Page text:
Lige Mounts, Free Trapper
By 1922, when Frank B. Linderman wrote Lige Mounts, he had given up his life as a free trapper in the rugged mountains of Montana to marry and start writing his adventures from his home on Flathead Lake, Montana. The experiences of Linderman’s youth were still fresh in his mind, and through the character of Lige Mounts, Linderman gives the reader a vivid account of what life was like for those who sought adventure in the Rocky Mountain West in the early nineteenth century. Lige Mounts is a story about an eighteen-year-old boy who leaves the comforts of his aunt and uncle’s farm in Missouri and walks 100 miles to St. Louis to “hook up” with fur trappers heading west. While in St. Louis, he is befriended by an older trapper, Wash Lamkin, or “Dad.” Dad takes a liking to Lige and offers him a position with his men to trap the upper Missouri in present day Montana. Lige Mounts comes of age through his association with Dad and his experiences in the West, which include hunting and killing buffalo to survive, defending against the Blackfoot in northern Montana, and living amongst the Cree.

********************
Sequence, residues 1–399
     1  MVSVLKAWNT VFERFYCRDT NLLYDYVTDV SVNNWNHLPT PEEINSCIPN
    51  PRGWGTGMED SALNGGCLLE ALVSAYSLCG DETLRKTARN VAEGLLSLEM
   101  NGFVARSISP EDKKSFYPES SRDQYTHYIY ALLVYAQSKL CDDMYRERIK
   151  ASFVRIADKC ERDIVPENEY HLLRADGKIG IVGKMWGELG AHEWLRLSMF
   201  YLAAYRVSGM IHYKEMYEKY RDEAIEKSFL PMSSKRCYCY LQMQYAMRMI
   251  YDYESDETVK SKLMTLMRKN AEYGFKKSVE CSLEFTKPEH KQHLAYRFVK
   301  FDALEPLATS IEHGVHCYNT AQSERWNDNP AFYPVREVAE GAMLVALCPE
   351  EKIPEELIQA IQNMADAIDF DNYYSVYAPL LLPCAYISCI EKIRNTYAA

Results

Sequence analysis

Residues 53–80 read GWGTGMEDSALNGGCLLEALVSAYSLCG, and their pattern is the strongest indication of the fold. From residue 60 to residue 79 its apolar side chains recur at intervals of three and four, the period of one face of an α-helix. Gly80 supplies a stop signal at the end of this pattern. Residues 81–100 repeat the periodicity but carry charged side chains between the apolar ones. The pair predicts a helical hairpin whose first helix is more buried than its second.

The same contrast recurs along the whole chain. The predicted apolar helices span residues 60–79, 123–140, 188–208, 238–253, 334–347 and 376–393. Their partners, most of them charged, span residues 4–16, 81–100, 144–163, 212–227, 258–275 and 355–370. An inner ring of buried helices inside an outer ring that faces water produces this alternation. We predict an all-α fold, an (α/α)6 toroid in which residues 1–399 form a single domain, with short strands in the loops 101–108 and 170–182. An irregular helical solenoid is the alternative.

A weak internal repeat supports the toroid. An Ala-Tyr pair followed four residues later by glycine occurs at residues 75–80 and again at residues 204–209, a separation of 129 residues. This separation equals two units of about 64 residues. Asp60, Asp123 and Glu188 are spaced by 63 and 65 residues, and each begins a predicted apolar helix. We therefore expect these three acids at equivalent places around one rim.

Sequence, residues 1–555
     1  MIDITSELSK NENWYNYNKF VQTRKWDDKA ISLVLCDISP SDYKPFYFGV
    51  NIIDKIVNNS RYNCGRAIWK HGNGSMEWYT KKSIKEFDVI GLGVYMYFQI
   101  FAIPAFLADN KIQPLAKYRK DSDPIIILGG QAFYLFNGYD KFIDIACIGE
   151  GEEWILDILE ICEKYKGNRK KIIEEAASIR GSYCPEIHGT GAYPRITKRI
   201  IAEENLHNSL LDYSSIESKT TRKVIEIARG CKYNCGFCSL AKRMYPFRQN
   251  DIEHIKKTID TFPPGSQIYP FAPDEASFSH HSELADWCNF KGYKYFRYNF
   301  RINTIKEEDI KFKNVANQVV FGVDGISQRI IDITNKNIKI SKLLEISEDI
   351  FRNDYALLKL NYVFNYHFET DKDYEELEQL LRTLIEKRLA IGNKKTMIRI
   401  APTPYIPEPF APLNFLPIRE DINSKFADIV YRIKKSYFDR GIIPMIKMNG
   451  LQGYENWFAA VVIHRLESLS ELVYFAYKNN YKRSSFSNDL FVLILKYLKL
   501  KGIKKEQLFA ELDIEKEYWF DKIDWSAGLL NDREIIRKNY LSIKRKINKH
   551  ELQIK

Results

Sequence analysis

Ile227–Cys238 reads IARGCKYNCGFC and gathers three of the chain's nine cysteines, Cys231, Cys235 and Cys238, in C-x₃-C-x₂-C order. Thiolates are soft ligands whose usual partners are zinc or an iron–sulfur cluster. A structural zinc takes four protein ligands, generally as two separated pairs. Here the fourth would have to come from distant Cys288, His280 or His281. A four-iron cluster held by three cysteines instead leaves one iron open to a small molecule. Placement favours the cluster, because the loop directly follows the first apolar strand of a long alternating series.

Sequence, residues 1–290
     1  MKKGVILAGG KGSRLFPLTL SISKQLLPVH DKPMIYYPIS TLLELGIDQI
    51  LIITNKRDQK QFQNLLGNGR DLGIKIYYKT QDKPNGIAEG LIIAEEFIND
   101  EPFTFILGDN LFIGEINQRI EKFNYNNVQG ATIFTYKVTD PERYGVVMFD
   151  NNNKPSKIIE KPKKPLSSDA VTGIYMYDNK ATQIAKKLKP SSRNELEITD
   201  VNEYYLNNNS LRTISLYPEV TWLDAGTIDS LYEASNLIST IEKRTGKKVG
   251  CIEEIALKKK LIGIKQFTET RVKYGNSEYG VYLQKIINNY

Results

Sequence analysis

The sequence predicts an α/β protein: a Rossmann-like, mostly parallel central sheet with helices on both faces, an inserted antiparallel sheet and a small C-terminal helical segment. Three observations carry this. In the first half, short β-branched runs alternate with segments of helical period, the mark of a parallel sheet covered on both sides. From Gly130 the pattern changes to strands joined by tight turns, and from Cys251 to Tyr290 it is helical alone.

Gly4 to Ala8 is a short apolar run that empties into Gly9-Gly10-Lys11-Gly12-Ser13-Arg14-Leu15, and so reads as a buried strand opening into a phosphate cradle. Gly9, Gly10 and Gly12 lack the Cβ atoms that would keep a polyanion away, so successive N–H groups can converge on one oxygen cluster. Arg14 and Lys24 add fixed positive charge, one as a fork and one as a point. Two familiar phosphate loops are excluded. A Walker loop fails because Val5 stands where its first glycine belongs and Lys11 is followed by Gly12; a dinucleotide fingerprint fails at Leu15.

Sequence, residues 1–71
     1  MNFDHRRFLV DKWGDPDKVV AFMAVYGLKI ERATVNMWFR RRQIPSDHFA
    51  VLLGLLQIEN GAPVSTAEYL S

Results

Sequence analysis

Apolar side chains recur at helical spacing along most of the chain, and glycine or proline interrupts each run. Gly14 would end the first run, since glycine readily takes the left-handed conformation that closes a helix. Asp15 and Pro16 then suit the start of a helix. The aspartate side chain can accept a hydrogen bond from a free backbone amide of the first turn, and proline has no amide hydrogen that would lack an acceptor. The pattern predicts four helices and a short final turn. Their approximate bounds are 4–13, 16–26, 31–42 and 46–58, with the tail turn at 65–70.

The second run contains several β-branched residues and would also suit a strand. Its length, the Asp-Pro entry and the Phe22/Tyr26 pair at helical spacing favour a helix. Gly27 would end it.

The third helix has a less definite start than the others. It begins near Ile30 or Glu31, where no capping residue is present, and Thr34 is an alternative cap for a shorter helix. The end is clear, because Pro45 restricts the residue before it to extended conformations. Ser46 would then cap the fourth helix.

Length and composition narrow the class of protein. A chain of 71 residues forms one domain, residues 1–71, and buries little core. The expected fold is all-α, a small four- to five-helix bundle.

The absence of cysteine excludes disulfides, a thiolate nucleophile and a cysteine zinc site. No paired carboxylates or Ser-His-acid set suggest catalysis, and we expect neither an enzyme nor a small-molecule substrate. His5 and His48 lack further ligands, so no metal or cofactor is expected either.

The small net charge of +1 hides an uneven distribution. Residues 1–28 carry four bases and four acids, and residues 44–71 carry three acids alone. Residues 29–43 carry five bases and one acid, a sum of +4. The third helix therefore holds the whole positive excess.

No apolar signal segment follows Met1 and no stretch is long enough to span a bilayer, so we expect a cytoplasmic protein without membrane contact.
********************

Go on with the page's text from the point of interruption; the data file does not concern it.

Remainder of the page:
Lige Mounts is an excellent story that invites the reader into a time and place far removed from twentieth-century America. Linderman, a contemporary of western artist Charles M. Russell, put on paper what Russell put on canvas, a chronicle of the American West that was quickly becoming civilized. Both artists leave us words and images of a time long past.